Antique Lures


Restoration of Lures and Cardboard Lure Boxes


Note: Restoration or conservation of any kind of art is not to be taken lightly.  Some prefer to leave their art as found, which is fine, but restoration in the art world is a high form of science and usually expensive.  It is a full time pursuit  by experts in museums.  For extensive information on the art of conservation see: The American Institute for Conservation of Historic and Artistic Works

I know of an individual who can 'restore' a lure box to almost new condition by repainting the bleeds in the paper, cleaning, and re-boxing where necessary, but that is not what I'm attempting or sharing here.  I'm simply sharing a way to 'repair' a small defect, not replace, re-build, or add to any part of the box.

The science of restoration is in repairing or restoring an object without altering its value or physical aspects.  In this case, I am simply re-attaching two pieces of cardboard which are broken.  It is no different than gluing a piece of glass or porcelain back together.  We've all seen collectors/dealers at shows cleaning a lure for long periods of time before placing a new purchase on display.  It takes time to do it right.

Replacing  or repainting any part of an object is a whole different matter.  In no way is this like repainting a lure.  We are talking 'repair' not 'replacement'.  Repair not repaint.   There is a huge difference.  I know any number of individuals who use this method using glue with great success and have done so for years.

Some individuals might beg to differ with me on this point, but let's not forget that dirt and grease are not normal and neither is rust.  Yes, they are a consequence of age, but not original.  Removing rust from hooks and cleaning original paint is restoration.  Preventing oxidation with a coat of oil is conservation.  Repainting to increase value is fakery.


It  is not uncommon to find nice lure boxes with the paper joints split on the sides and ends of the boxes.  I'm going to attempt to explain how I repair that problem on lure boxes that I own.  I strongly suggest you try this on some inexpensive boxes before you attempt anything like I'm showing here on a really rare K & K minnow box.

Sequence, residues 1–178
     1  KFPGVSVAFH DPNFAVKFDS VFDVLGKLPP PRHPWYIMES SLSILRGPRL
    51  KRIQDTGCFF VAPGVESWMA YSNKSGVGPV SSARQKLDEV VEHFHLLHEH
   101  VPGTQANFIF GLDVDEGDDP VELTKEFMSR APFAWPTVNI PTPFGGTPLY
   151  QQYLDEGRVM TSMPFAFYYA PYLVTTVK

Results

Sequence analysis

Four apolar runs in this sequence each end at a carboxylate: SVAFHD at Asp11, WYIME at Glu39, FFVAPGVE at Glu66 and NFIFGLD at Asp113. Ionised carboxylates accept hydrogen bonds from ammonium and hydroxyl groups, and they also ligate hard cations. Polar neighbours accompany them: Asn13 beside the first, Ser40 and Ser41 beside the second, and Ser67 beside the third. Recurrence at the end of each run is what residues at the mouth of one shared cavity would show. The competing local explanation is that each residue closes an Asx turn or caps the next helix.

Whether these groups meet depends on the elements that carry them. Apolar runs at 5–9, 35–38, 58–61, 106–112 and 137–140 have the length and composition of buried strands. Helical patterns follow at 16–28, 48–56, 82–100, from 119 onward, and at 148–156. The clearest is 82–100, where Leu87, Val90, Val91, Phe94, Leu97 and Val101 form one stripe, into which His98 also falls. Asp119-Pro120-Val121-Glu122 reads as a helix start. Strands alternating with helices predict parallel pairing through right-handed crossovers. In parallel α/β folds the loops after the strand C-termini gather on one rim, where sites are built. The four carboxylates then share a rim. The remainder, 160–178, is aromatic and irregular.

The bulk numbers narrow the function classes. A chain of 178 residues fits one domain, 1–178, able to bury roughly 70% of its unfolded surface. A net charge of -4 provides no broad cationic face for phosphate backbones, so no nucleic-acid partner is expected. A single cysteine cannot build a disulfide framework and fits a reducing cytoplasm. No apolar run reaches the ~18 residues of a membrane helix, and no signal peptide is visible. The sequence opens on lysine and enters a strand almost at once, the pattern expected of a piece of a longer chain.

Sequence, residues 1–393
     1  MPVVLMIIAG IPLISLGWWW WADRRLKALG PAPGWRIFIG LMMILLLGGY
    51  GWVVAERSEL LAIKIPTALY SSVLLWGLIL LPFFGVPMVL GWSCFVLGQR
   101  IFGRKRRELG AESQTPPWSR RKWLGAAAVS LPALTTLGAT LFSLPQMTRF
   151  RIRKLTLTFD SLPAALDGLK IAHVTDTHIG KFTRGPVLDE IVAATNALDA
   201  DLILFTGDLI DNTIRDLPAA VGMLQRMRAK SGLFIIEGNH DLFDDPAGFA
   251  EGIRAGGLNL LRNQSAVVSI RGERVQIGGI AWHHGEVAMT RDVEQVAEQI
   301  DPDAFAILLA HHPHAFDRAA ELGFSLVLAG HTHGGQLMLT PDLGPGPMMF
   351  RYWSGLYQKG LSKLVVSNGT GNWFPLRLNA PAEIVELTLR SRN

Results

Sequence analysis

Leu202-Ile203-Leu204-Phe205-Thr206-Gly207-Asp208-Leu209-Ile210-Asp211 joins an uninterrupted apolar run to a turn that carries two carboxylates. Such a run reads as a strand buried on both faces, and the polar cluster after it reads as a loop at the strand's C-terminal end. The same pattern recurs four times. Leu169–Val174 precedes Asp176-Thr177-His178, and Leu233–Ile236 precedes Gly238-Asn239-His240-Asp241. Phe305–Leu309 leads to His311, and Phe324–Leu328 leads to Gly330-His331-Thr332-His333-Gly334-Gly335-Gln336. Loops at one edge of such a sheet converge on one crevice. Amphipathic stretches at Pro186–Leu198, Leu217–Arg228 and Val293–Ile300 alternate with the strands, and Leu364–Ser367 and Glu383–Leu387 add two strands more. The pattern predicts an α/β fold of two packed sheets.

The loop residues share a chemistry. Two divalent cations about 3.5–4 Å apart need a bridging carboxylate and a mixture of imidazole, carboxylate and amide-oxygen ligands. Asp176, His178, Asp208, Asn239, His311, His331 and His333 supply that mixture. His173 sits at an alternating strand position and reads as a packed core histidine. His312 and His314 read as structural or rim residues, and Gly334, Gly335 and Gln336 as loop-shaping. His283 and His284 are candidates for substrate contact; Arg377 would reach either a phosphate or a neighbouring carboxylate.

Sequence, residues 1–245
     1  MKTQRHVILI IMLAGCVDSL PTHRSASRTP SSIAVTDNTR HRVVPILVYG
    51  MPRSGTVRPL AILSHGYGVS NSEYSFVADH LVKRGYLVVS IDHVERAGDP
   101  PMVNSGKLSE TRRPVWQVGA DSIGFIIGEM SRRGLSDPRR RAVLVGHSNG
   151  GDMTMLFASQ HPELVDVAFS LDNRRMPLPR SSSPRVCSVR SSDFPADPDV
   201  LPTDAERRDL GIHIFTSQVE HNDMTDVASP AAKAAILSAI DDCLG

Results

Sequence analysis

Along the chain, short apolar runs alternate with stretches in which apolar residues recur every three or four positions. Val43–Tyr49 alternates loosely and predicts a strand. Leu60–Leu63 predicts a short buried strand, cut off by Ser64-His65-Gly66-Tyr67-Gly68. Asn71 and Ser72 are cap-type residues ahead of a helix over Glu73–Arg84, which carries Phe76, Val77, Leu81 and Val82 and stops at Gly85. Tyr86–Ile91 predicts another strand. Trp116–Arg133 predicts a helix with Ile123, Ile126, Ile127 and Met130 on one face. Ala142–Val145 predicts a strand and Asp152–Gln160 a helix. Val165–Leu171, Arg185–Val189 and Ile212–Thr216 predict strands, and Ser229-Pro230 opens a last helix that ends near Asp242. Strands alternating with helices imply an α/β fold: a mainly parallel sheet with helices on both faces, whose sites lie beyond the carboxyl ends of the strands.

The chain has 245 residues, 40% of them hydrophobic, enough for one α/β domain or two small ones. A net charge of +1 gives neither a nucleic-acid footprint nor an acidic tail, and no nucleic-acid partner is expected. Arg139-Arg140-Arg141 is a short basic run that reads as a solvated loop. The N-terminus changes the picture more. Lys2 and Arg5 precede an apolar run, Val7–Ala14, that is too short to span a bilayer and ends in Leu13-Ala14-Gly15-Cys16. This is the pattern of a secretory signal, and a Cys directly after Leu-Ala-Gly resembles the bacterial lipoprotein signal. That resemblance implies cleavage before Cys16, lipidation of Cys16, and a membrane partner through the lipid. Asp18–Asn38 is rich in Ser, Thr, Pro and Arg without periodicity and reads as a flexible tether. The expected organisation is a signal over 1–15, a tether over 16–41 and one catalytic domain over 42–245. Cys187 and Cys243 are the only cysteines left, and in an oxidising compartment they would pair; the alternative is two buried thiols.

All you need is a long thin rubber band appropriate for the size of the box, some round toothpicks, a piece of news paper, and fresh Elmer's white glue or pH neutral (7.0) binding glue. 

Elmer's Glue All is: 1,2-PROPANEDIOL (PROPYLENE GLYCOL) pH 4.7 in solution, only slightly acidic (pH 6.9 when dry).  If you want to use book binding glue (animal or vegetable source).  Apparently some restoration experts prefer to not use Elmer's since it is very hard on setting and could crack in a flexible situation or the acidity harm paper.  In the case of a box corner, I want it to be as hard as possible, but not harm the cardboard.  It's your choice which glue you use.  The other reason I don't worry about pH is because I'm not gluing a flat expansive piece of paper, but rather ragged edges of porous fibrous cardboard.  Another suggestion made to me is to use CA glue, which dries in 15 seconds, is invisible, and is very thin.

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First, proximate the edges of the box where the joint is broken.  Be very careful to put the edges together accurately.  Now, carefully, put a rubber band around the whole box to hold the four corner pieces in place.   Don't roll the rubber band against the paper as it will tear the paper sides or the label.   Use the weakest rubber band that will work.  The idea is to not 'bow' the box sides.

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Put a drop of the glue on a piece of newspaper (so your wife won't yell at you later).  Pick up a small drop of glue on the tip of the toothpick and spread (paint or draw) the glue into the joint a little at a time from bottom to top.  Don't smear the glue any further than necessary to avoid build-up.  You just want a small line.  But the glue has to span both sides of the joint. 

In the photo below, the line looks kind of heavy, but I went back and pulled the dry tip of the toothpick from bottom to top to reduce the amount before allowing it to dry.  You can see the joint after it dries below.  This technique just takes experience in seeing what works.

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First application of glue.  Before shrinkage

After doing the inside of the joints, place some more glue on the outside of the joint without moving the rubber band.  Put the box aside and allow it to dry for about two hours.  Then carefully remove the rubber band without rolling it against the paper and re-do the outside of the joint as needed where the rubber band was placed.

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During application, remove excess with tip of pick

Do NOT put the top and bottom of the boxes together until the whole box has sat up and dried for a day.  The joint should not show the glue as it will absorb into the paper of the joint as it dries.  This photo below shows a joint after only a half hour.  It still appears wet, but it will completely dry in about an hour.

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After drying for one hour